Sarah Holst’s art and reflection is the second installment on our monthly bad-ass biblical women series. If you would like to contribute to the series, email email@example.com.
By Sarah Holst
Last year I attended a workshop led by Onleilove Alston on her work uncovering and uplifting the Black Presence in the Bible. She spoke about the Black Madonna and the importance of reading Mary of Nazareth in the context of her economic, political and cultural setting: a very young woman with brown skin, turned-out, looked-over, and, as poet Kathleen Norris puts it, “capable of walking the hill country of Judea and giving birth in a barn.” This is the historical Mary that was called to participate in liberation and redemption, smuggling God into the world inside of her body.
Onleilove challenged those who participated in her workshop, “To be relevant, we need to be accurate… The Magnificat is a poor woman’s song of resistance: and she sang it for HERSELF.” Meaning, take note of the Marys who are singing, study them, practice an ethic of accompaniment with them. I have been witnessing this in the Lake Superior Watershed with a group of women of color called Meeting of the Mothers who are rising up against the School to Prison Pipeline and singing their own song of liberation. These women are fighting for their lives, for their children’s lives, in a system that would make them targets.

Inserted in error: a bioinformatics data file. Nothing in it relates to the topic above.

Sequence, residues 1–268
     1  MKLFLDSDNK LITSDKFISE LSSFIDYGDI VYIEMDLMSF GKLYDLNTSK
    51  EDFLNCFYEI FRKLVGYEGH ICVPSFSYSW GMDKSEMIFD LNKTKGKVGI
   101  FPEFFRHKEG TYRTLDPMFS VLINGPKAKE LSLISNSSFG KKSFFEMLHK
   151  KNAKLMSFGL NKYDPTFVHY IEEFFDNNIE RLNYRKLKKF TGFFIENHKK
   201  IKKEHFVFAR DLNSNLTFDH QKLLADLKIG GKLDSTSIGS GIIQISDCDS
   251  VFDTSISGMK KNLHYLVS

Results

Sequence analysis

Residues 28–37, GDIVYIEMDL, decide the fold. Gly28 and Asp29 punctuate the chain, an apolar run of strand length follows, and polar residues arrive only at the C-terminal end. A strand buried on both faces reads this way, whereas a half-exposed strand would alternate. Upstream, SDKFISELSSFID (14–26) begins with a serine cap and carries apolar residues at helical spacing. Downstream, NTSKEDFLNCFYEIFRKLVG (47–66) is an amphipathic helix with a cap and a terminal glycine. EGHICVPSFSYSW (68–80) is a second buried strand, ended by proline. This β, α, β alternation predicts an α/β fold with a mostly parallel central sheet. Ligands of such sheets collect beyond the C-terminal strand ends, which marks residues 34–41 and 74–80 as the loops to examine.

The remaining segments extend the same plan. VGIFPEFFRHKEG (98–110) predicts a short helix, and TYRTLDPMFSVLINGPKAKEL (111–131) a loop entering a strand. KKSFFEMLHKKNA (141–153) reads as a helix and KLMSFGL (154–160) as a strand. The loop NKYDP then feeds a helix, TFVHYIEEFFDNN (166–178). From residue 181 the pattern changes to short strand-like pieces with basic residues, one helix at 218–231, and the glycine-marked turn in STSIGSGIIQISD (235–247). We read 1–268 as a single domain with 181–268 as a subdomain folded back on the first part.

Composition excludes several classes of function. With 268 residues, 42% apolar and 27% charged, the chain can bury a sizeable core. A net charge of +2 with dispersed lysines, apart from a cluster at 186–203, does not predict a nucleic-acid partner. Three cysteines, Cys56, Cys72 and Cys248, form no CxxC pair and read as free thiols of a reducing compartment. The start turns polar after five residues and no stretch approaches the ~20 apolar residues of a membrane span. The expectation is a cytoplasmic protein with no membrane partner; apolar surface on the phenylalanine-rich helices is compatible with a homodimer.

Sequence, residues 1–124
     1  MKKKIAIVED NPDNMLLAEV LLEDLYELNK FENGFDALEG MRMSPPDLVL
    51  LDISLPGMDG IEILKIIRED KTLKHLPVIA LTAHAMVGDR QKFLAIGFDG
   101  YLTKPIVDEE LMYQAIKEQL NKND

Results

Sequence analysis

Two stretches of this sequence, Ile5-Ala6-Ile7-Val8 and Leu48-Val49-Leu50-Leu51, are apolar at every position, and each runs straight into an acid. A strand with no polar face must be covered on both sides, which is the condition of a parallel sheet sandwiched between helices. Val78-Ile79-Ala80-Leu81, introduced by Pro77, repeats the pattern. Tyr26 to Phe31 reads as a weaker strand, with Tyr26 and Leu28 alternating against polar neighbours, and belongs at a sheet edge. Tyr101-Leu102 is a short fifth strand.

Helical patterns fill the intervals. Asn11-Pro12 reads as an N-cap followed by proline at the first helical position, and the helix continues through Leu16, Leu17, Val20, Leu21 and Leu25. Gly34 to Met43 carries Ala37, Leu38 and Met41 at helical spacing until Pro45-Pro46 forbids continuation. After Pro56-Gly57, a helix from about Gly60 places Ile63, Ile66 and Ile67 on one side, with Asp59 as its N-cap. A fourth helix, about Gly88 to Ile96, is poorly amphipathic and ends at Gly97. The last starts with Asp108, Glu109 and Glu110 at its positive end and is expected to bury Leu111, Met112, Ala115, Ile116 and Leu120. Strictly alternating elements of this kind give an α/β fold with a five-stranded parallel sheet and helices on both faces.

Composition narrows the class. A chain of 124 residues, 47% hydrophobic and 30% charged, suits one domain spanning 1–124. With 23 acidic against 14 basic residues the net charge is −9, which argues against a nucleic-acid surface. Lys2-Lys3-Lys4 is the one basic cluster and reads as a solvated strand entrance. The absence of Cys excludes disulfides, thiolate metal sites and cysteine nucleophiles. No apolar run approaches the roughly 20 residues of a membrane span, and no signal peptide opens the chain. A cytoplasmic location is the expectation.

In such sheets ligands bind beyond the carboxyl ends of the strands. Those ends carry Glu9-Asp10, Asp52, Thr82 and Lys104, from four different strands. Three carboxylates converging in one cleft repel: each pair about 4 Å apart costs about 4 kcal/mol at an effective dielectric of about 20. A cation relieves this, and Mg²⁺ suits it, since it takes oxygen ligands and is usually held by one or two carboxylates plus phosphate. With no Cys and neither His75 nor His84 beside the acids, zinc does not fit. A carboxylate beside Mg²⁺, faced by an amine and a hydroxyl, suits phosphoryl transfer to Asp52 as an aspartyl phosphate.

As a cradle-Catholic with an affinity towards Mary of Nazareth, I have realized that taking seriously Mary’s story means walking alongside those who are like her in the nearest of ways. In Lake Superior Magnificat, a flurry of the Holy Spirit (made alive in seagulls, owls, and hawks) rises as Black Mary and her Holy Son refuse to stand down but rather hold a nest that is letting fly new possibilities, and the words of the Meeting of the Mothers are heard on their wings, “Since Mama was broke and had to redo from the ground up, there is nothing anyone can do to break my children.”